Mae knows of what she speaks. While her mom followed her culinary dreams, Mae opted for business school. Later, working as an event planner, she came to see the appeal of eating beyond the banquet hall. “I was working myself to death and eating a burger on the way home,” she says. “You don’t feel good, but you’re too tired to deal with it.” Even though many of their customers are healthy overall, the 10-person company adheres to American Diabetic Association and American Heart Association guidelines; clearly, the Pikes want their customers around for a long time.

One customer, in fact, has been there from the start. Mary Myers, who lives in Hollow Creek, saw an ad for Home Cuisine shortly after her husband’s death. “I didn’t feel like cooking, I didn’t want to eat ... but when I was getting the food brought in, I thought I’d better eat because I didn’t want to waste it. They’re good, nourishing meals.” Myers found that the Pikes nourished not only her body but also her heart, as the Home Cuisine crew provided comfort food for her son, Lonnie, who suffered from multiple myeloma. “Sandy would call and ask what he would eat, because he couldn’t eat just anything. She just makes special things and does special things.”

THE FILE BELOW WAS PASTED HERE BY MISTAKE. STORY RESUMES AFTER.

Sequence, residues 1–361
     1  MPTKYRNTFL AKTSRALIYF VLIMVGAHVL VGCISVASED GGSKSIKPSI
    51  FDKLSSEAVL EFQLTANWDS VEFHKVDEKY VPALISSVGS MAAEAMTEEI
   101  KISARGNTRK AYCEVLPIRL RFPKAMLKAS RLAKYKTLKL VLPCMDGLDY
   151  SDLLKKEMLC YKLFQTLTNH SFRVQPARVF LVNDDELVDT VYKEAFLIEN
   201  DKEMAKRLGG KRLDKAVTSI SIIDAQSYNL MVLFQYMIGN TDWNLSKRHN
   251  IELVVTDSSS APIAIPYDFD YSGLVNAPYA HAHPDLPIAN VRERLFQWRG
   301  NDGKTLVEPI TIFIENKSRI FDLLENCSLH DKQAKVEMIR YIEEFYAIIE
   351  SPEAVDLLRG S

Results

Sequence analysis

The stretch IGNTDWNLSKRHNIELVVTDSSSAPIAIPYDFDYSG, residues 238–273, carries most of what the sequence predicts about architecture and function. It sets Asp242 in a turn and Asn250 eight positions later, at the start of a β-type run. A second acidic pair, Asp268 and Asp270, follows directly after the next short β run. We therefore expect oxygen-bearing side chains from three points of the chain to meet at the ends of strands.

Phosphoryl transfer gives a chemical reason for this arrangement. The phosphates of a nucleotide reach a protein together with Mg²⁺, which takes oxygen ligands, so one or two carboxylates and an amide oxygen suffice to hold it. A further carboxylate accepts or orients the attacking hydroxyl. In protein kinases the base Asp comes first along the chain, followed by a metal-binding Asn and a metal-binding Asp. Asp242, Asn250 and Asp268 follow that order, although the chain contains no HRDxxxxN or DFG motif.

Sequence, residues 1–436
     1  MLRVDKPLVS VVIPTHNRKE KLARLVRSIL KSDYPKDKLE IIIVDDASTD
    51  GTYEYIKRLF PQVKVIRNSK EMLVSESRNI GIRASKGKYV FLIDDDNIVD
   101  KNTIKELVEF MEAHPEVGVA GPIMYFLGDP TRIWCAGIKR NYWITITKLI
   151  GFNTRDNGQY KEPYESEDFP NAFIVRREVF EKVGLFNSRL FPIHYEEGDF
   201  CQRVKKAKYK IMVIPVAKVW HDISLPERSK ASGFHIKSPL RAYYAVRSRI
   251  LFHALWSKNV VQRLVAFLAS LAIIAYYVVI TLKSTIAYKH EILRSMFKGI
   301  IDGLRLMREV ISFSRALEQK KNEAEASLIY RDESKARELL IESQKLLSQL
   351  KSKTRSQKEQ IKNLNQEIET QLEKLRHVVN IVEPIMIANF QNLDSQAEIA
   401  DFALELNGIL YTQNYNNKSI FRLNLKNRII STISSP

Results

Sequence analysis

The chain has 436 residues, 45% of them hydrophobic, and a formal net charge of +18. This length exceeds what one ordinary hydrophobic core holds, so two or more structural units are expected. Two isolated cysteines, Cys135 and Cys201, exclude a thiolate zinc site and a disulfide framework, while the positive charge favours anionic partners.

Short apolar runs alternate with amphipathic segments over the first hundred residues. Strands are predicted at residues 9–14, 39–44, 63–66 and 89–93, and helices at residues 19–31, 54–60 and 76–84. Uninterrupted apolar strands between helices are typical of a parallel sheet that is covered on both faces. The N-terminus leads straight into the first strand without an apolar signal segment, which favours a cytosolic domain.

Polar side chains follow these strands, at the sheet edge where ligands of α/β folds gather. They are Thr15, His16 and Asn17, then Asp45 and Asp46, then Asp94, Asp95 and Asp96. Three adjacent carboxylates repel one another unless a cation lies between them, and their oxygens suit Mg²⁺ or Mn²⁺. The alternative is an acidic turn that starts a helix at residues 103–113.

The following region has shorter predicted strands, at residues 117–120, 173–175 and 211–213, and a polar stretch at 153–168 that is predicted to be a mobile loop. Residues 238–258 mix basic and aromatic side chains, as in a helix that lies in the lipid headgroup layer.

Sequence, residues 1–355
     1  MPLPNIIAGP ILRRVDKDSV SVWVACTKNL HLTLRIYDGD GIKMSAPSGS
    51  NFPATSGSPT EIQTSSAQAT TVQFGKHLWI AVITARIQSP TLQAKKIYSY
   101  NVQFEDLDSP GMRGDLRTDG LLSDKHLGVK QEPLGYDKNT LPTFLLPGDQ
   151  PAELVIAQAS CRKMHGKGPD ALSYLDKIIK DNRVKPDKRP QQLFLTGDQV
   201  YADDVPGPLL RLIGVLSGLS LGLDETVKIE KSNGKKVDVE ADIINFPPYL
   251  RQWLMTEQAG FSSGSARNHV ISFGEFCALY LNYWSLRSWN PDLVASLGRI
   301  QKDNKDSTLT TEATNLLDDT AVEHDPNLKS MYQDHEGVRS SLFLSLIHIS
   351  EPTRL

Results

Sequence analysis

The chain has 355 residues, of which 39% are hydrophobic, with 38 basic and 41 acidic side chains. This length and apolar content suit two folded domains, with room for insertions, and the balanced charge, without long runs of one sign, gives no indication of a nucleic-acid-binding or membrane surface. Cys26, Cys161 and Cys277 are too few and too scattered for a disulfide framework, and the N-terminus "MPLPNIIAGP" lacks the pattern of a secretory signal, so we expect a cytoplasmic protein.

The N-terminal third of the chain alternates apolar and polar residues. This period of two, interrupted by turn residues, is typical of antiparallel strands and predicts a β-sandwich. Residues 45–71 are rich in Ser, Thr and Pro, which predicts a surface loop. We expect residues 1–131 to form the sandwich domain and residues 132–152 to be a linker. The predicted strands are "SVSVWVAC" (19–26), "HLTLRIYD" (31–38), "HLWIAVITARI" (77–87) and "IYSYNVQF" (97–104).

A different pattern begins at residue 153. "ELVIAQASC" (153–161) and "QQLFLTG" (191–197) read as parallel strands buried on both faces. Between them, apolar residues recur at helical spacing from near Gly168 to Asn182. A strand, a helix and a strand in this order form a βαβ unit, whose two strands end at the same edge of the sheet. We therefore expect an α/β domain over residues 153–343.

Today, Mae, who “grew up cooking,” conducts the bulk of the operations. (“I’ve been in the kitchen long enough,” says Sandy.) But Mae still looks up to her mother. “Mom raised us, then moved to Louisville. And I think she was blown away that nothing that was being done in California was done here,” she says. “She really made a go of it, which wasn’t easy for a woman in the ‘80s. I’m dazzled.”

For more information about Home Cuisine, visit or call (502) 896-0666.

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